The case is a warning to those used to ownership and title retention based forms of security.  The fact is that an owner/ lessor of equipment can lose its property to a secured creditor of a lessee upon VA or liquidation.

It also shows why it pays to get important agreements documented by a competent lawyer.

The case is Albarran and anor v Queensland Excavation Services Pty Limited & Ors [2013] NSWSC 852 (link).

The facts are available at the link in paras 1 to 10, which include at para 10 a useful statement of the issues and Brereton J’s conclusions on each of them.

Some of the more interesting facts are these:

  • the owner and lessor companies had a common shareholder, who appears to have informally financed the Caterpillar equipment and other vehicles from mainstream lenders;
  • the leases between the owner and lessor were not in writing, but were for more than one year.  There seems to have been an arrangement whereby the owner purchased the equipment on finance, and then passed possession on to the lessor in return for payment of the finance costs plus 10%;
  • the leases predated the transition to the PPSA;
  • that probably explains why the owner did not register its interest in the Caterpillars and why no written lease existed to make provision for the PPSA.

The decision is not unexpected given the circumstances:

  • the owner’s interest was a security interest in the Caterpillars – see s12(2)(i) and s12(3)(c) since the leases were PPS leases;
  • the equipment owner had failed to register its security interest, as owner;
  • lessor had executed a General Security Deed with its secured creditor which expressly gave security over the Caterpillars;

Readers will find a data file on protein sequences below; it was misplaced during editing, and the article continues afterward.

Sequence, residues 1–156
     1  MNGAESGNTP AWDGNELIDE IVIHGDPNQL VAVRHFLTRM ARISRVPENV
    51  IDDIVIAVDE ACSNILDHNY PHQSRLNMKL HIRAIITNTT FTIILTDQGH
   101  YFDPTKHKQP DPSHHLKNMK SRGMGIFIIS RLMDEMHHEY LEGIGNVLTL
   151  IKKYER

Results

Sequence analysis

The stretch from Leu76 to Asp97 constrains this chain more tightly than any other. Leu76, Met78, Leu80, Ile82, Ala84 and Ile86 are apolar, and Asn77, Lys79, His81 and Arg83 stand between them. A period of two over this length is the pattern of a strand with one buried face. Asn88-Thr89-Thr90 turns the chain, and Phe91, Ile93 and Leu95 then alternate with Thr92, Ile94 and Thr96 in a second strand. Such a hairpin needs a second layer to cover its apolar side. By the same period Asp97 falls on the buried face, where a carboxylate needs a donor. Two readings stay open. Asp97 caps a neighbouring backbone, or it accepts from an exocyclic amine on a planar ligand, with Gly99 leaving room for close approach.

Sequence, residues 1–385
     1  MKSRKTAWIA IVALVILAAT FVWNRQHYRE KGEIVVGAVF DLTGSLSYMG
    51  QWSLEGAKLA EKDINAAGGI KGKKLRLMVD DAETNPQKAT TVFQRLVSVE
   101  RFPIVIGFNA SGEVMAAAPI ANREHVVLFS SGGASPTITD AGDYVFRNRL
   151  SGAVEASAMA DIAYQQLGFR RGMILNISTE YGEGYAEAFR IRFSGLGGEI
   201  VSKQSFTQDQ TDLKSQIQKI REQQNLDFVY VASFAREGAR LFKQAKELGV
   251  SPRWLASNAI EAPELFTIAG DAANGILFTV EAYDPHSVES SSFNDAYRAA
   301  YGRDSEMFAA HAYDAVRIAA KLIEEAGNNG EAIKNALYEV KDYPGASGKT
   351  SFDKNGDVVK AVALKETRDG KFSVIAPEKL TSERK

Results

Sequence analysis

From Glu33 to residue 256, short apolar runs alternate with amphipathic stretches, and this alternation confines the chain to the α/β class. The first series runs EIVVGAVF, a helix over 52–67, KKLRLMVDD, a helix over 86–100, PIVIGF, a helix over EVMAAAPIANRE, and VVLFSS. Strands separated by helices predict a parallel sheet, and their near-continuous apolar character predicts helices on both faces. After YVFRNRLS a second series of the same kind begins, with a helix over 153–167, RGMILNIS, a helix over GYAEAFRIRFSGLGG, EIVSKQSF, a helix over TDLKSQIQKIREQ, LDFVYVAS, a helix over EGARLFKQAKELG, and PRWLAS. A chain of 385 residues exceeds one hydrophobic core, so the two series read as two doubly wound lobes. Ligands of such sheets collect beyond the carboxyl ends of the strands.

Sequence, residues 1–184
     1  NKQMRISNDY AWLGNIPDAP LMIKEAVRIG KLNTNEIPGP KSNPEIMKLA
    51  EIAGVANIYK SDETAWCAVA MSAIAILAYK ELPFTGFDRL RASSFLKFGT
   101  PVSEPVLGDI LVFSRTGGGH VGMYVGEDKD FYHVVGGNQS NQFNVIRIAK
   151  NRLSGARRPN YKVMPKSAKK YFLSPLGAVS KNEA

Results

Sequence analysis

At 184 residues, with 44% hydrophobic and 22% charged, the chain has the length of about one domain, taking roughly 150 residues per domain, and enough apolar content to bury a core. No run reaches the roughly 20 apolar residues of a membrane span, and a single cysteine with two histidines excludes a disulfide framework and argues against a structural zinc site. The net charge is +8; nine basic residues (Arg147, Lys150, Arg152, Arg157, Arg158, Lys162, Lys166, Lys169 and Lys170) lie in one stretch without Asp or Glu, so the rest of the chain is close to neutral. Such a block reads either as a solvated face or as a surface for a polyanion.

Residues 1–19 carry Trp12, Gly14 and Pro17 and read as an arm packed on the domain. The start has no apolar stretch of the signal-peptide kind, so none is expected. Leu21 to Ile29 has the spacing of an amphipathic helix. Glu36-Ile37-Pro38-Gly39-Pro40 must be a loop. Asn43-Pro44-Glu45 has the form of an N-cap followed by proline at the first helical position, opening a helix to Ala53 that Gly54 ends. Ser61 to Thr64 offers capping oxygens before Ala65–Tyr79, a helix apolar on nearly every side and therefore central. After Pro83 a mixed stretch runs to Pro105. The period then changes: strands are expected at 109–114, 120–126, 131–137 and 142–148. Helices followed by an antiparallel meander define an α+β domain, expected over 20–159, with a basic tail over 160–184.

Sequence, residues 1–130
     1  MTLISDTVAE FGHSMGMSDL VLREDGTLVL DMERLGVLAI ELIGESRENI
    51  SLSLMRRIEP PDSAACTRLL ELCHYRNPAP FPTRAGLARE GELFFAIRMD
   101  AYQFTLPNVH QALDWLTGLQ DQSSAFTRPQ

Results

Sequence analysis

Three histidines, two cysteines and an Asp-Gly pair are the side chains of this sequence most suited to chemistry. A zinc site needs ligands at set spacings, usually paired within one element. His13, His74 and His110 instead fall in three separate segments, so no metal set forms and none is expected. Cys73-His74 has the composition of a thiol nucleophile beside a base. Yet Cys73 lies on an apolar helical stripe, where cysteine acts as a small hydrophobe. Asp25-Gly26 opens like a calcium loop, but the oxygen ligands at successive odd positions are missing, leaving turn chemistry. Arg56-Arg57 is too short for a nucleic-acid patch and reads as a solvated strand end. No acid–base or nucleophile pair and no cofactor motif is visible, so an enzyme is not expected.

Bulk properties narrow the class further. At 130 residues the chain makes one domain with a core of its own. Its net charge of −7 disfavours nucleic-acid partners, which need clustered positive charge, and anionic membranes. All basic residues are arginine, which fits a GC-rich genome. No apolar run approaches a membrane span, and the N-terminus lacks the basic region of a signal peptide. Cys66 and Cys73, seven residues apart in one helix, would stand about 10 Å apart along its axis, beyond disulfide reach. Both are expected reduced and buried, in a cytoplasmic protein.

• under s19(5) of the PPSA, leased equipment forms part of the lessor’s collateral capable of being subject of a security interest;
  • the secured creditor had registered the General Security Deed ;
  • the secured creditor prevailed because it had registered and the owner had not – s55(3).

See generally paragraphs 20 to 34 for the discussion of the nature of the security interests held by the owner and the secured creditor respectively in the Caterpillars. See generally paragraph 35 to 41 for the discussion of the priority contest.

The decision referred to many of the cases from other jurisdictions regarding priority at paragraphs 26 to 31.  The case that this reminds me of the most is Waller v New Zealand Bloodstock Ltd [2006] 3 NZLR 629, discussed and approved at paragraph 30:  just switch the horse for an excavator.

There are some other interesting points in the decision:

  • An attempt to argue that the transitional provisions applied failed, because the Caterpillar equipment was registrable in the Northern Territoty (where the vehicles were used) on a local motor vehicles register – this triggered an exception to the transitional provisions which would otherwise have protected the position of the lessor as an owner with rights under the lease predating the registration date – see paras 47 to 56 in particular;
  • The rights to possession of the owner under the lease on default by the lessee company are lost once the VA or liquidation commences, so the owner cannot repossess – see s267.  In other words, no residual rights of true ownership survive because they vest in the company – see paragraph 72 ff.

There are some useful articles discussing the decision that I have seen so far, see:

  • Carrie Rome-Sievers at this link
  • Allens at this link

Regards

Mark

Tired of Christmas shopping? Queues may soon be a ghost of christmas past …

In Commercial on 18 December 2012 at 10:41 am

All

I have previously linked to the excellent series of monthly blog posts by James Stewart on issues in retail, usually focussing on insolvency articles.